Misty has two Pokemon, a level 18 Psyduck and a level 19 Starmie. If you’re using Bulbasaur/Ivysaur or Bellsprout/Weepinbell, you’re going to want to watch out for the Confusion attack on the Psyduck. I personally didn’t have a problem wiping Psyduck out, but if you are a bit lower leveled than me (Thorn was level 22 for this fight) or have worse stats, then it’s something to keep in mind. Starmie is a lot more problematic thanks to this annoying move called Scald. Scald is a powerful water move – 80 base power with nearly a 1 in 3 chance to inflict a burn on the target. Getting burned doesn’t just cause you to take damage over time; it seriously impairs your attack power. In my situation, Thorn could only deplete about 25-30% of Starmie’s health with Vine Whip because of the burn, but trying to heal the burn was worthless because Misty just Kept. Spamming. Scald. Instead I had to focus on Thorn’s health and try to whittle Starmie down slowly. It’s also worth noting that Starmie knows Psywave, which is an attack that deals a random amount of damage and could be devastating on a high roll. Luckily in my case, Thorn did what Thorn always does: he nailed a critical hit when it mattered the most, and I was able to walk away with a Cascade Badge.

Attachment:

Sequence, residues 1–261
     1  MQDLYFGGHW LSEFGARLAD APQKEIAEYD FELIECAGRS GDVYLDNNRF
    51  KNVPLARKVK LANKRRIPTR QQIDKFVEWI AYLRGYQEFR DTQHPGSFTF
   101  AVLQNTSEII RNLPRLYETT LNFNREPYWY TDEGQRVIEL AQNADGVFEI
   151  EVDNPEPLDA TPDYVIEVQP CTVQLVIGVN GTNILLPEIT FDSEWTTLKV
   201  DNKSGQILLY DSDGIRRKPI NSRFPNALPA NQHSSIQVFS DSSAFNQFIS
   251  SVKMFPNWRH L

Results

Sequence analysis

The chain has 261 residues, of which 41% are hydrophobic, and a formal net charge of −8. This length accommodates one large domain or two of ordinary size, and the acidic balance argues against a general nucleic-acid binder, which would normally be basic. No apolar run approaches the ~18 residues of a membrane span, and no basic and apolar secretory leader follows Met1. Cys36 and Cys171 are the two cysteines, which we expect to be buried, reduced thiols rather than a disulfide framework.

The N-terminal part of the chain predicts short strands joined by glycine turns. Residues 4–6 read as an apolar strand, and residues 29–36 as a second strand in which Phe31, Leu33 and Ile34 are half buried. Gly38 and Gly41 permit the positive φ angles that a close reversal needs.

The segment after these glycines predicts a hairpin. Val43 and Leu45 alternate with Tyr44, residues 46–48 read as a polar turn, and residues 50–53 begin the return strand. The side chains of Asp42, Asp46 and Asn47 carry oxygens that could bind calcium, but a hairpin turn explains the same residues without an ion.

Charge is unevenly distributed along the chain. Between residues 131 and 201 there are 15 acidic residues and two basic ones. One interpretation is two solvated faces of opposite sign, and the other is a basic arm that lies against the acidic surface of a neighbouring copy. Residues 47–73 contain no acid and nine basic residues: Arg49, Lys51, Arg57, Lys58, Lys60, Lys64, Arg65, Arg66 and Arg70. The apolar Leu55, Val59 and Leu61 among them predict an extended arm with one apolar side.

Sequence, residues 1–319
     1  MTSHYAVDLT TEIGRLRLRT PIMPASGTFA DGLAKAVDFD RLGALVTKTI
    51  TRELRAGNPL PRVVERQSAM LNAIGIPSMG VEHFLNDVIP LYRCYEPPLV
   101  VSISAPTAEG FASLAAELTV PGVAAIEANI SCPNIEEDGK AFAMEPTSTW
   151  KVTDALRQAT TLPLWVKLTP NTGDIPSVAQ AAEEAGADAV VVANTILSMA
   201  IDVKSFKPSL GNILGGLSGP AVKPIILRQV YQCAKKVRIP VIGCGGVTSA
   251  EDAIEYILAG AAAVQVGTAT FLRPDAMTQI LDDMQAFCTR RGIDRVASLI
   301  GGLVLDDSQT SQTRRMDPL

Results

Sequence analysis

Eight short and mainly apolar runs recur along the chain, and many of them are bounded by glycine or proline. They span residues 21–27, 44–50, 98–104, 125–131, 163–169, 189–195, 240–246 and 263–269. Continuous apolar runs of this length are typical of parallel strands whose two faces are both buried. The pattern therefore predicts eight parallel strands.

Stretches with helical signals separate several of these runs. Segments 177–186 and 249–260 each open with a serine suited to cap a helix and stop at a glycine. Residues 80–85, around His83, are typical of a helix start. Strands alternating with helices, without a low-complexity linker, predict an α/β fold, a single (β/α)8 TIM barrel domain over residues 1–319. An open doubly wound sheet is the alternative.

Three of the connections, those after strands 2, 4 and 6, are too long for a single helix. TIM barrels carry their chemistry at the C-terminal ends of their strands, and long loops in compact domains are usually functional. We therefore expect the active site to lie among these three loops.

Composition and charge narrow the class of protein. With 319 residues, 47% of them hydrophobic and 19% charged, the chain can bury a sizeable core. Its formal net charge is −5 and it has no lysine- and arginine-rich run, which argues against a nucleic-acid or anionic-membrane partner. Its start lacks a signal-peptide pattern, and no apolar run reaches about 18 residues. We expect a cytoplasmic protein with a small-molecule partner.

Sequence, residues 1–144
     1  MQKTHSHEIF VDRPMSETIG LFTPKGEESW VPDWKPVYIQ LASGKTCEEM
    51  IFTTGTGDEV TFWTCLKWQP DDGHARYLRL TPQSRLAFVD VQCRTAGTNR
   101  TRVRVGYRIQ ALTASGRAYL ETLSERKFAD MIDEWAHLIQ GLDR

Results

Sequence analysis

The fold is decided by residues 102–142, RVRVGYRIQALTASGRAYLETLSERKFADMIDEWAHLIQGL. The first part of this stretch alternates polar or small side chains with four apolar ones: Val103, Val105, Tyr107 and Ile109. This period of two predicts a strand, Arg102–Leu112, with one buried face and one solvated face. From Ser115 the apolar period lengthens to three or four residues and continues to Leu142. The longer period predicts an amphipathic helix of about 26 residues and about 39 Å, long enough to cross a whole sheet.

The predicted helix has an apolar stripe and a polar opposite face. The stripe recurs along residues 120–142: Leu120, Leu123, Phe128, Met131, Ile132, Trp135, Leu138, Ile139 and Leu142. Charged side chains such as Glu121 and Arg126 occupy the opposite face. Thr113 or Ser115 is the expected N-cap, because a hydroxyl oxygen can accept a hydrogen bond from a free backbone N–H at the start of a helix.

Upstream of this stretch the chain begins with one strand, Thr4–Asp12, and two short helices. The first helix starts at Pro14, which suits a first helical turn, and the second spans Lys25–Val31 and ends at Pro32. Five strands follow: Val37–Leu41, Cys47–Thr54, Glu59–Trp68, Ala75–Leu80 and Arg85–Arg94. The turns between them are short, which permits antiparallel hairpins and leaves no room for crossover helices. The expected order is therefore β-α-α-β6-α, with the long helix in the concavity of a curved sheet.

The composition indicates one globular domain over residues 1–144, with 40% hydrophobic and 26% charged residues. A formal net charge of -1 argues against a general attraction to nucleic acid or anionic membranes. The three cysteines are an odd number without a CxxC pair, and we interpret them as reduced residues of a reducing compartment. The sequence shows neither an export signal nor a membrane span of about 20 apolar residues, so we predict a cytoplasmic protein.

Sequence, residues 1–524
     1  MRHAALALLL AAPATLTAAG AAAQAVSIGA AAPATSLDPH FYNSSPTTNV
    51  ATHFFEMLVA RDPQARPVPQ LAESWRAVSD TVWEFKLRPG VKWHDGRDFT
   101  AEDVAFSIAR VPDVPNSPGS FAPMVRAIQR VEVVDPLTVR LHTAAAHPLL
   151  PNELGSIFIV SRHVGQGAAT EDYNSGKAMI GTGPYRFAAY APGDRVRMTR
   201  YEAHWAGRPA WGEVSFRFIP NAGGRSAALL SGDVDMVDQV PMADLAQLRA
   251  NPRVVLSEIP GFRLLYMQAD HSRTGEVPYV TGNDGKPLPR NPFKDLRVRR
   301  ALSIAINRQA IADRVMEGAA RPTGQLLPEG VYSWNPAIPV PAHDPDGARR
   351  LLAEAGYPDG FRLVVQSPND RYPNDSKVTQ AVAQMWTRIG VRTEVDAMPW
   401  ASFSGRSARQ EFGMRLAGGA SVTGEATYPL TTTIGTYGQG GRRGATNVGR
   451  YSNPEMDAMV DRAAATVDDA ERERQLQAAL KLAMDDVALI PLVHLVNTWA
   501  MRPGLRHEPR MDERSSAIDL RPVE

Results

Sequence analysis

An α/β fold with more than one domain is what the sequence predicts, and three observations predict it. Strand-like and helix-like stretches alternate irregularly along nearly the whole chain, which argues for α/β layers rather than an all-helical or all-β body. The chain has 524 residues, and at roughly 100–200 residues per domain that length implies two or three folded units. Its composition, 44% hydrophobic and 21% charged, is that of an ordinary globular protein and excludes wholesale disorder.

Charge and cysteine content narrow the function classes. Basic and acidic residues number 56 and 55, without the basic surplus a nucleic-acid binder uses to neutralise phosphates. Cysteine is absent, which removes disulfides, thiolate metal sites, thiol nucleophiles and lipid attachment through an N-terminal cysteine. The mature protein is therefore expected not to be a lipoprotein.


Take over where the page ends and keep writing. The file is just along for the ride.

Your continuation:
That brings us to the end of the fourth chapter of the Fuzzblock initiative! This was most certainly the most action-packed chapter so far with three captures, two evolutions, a rival battle, and a gym battle. Next time we’ll start working our way towards Vermillion City to board the SS Anne. Fortunately so far I’ve had a lucky run where lots of the encounters and battles have gone my way, but Misty has shown that things are finally beginning to ramp up. Will Fuzz and Block continue to find success in their challenge, or will the Nuzlocke finally begin to take its toll? Find out in the next chapter!
Thank you so much for the mention in the post!
Just two more levels and Thorn will learn acid and then that pesky scald won’t affect you that much anymore.
Yay for Thorn being awesome again!
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He’s definitely been carrying my team up to this point, so we’ll see if that trend continues moving forward. And thank you for asking good questions so I could present better quality info in the posts!